Editor’s note: This review of the Samsung C650 series is based on our hands-on testing and evaluation of the 46-inch LN46C650. According to the manufacturer, the image quality and features should be equivalent for each TV in this model line.
In theory, the Samsung C650 series (an LCD TV with a 120Hz refresh rate) should not outperform sets equipped with LED backlights and faster refresh rates. But in our juried image-quality tests, the C650 series did just that, earning the highest overall scores in a test group of six HDTVs. Add to that its strong lineup of Web features (Yahoo Widgets, Netflix and Blockbuster on demand, Vudu, and many more) and customization options, its attractive price, and its handsome design, and the C650 series easily rises to the top among value-priced HDTVs.
The Samsung C650 series managed to earn higher marks for motion handling than did the LG Infinia LE8500 series, a set with LED backlighting and a 240Hz refresh rate. Judges also rated the Samsung HDTV’s handling of brightness and contrast as very good overall. But the set’s scores weren’t uniformly excellent: It stumbled (versus the competition) in our Blu-ray movie tests, introducing an unusual movement artifact in The Dark Knight (a window in a background building seemed to disappear) and delivering oversaturated skin tones (judges said that people in some scenes looked sunburned). Still, the C650 series’ overall scores were no worse than good, on average, for any attribute.
The C650 series boasts the good looks common to all Samsung Series 6 flat-screen TVs. Characteristic features include a thin black bezel and a flat surface that extends beyond the set to terminate in a thin transparent edge with a small dip in the bottom center, in front of the swiveling pedestal. The C650 series provides an adequate (but not generous) number of connections: four HDMI ports (three in the back, and one on the right-hand edge); two component video ports, one composite video port, two USB ports (on the side, for playing media), a PC input, an ethernet port, analog and optical digital audio-out ports, and an Ex-Link port for service use. Samsung sells an optional USB Wi-Fi dongle if you can’t hook your set up through the ethernet port.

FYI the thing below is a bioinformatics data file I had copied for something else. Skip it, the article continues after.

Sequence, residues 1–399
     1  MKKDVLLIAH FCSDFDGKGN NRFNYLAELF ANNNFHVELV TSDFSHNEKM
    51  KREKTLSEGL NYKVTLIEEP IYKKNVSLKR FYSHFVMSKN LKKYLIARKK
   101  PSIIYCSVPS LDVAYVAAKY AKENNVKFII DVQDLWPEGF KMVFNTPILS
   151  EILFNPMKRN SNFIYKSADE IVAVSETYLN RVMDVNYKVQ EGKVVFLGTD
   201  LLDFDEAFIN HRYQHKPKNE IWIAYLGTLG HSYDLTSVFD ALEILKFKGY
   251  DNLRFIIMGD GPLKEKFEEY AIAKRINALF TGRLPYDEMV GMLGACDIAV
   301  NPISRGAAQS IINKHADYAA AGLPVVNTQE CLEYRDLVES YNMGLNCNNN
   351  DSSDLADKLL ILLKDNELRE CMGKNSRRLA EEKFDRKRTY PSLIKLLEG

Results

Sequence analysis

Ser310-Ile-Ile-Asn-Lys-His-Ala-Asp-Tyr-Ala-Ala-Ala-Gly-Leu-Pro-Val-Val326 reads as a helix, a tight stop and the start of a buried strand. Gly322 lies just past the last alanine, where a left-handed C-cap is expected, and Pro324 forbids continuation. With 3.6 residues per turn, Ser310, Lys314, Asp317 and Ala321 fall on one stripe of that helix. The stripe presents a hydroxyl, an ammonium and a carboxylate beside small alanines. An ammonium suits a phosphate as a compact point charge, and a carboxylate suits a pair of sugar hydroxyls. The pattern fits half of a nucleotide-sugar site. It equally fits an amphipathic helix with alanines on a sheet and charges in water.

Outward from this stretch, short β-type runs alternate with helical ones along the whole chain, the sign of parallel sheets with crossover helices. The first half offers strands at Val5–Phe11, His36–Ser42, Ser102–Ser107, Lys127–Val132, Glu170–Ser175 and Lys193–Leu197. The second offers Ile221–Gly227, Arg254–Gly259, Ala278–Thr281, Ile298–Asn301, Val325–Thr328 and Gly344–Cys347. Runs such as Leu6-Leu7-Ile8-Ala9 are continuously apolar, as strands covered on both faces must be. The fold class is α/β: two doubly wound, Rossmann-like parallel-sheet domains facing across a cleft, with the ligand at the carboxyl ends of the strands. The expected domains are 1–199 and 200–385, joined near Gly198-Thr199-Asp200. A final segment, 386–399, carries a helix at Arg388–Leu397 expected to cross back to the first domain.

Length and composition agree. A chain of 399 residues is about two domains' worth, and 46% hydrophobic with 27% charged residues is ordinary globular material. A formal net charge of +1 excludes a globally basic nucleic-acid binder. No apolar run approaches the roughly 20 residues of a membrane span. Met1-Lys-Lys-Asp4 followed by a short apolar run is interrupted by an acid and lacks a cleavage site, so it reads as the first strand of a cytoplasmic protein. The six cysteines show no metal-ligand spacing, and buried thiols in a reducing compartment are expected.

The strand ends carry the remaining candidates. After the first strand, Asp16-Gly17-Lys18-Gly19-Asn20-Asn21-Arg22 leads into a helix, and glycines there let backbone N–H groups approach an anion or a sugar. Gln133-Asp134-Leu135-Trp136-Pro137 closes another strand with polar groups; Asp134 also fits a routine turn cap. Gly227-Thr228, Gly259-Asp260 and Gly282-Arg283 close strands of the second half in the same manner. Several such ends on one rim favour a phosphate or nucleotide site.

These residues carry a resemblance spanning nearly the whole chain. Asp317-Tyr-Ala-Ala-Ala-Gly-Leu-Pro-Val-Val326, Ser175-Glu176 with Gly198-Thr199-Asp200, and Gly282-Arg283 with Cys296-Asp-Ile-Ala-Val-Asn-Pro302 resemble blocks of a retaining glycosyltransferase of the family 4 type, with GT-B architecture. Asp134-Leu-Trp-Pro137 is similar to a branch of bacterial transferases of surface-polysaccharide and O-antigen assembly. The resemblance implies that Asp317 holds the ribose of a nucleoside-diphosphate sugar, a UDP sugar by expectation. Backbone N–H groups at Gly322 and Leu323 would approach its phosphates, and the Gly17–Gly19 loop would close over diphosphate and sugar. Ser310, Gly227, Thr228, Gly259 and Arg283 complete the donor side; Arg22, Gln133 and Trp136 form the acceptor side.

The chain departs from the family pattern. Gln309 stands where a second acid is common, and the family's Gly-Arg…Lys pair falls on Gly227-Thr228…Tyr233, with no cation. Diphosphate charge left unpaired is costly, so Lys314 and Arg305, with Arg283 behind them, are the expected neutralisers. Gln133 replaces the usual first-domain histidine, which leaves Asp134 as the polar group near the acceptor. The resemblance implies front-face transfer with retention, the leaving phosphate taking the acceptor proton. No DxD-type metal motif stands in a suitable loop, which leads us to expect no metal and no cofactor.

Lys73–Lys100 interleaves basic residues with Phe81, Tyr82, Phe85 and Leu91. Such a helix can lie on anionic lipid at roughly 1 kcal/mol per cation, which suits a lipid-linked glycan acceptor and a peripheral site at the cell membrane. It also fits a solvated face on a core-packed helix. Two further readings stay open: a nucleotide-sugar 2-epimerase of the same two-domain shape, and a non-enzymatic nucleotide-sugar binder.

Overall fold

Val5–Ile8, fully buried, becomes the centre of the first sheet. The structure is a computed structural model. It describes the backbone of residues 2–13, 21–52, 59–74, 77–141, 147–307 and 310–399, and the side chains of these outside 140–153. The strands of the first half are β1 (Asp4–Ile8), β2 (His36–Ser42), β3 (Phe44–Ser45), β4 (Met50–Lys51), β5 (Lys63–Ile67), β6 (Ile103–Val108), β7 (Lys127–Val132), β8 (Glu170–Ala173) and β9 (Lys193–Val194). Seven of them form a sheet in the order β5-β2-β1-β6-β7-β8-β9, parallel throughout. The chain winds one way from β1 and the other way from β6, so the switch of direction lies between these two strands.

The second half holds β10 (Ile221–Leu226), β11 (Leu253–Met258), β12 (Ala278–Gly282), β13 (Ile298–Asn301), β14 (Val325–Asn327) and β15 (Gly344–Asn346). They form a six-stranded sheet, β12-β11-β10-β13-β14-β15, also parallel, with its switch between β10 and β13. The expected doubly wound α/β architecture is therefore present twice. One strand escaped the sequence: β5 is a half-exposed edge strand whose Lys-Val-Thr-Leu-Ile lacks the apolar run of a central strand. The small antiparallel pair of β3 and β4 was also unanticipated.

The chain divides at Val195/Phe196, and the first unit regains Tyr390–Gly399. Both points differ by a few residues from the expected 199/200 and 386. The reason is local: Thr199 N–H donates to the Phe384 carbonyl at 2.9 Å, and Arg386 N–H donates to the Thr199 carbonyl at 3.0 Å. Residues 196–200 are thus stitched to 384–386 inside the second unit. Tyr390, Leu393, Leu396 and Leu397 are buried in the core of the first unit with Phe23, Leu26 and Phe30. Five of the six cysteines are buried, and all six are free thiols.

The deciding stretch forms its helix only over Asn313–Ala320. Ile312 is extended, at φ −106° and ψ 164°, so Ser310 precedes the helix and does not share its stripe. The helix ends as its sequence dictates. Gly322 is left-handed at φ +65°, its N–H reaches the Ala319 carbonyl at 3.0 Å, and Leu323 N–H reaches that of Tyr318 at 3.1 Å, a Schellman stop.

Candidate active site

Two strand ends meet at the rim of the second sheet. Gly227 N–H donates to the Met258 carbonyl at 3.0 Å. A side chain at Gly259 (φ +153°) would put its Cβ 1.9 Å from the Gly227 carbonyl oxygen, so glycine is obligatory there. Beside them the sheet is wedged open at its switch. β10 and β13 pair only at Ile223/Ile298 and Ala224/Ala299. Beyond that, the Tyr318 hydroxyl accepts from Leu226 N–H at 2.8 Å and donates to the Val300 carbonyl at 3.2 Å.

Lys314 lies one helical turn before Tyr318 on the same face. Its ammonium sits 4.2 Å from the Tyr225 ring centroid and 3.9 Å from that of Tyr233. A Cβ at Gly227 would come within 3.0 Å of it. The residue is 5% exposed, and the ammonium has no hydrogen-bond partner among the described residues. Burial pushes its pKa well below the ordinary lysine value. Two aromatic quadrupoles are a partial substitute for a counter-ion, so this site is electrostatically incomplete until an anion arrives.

Firing up the set for the first time (with the TV input active) initiates a standard first-time use wizard (Samsung calls it Plug & Play) for choosing language, home or demo mode, and an antenna or cable service hookup, as well as for scanning for channels and setting the clock.
After that, you can start using the well-designed remote to tinker with settings. The remote is shorter than many others, and is comfortable to hold, with a button for toggling a backlight for the reasonably large keys. Special keys (aside from the usual ones for channel and volume control, input selection, onscreen menu access, and navigation control) include a Tools key that acts as a Quick Menu key to bring up frequently accessed controls, a Content key for accessing different available content (such a list of channels, a media play menu, and Internet sites and services); and dedicated keys for some of the content—Internet, Media Play, Yahoo Widgets, and channels you’ve designated as favorites. Player controls at the bottom of the remote let you operate external devices that support Samsung’s Anynet+ implementation of HDMI-CEC technology, which permits a single remote to control multiple devices.
Samsung’s on-screen menus remain among the most elegant we’ve seen, with icons for major categories (channels, pictures, and the like) in a vertical row on the left side of the screen, with labels that pop up in sideways type and menu items that appear on the right as you scroll.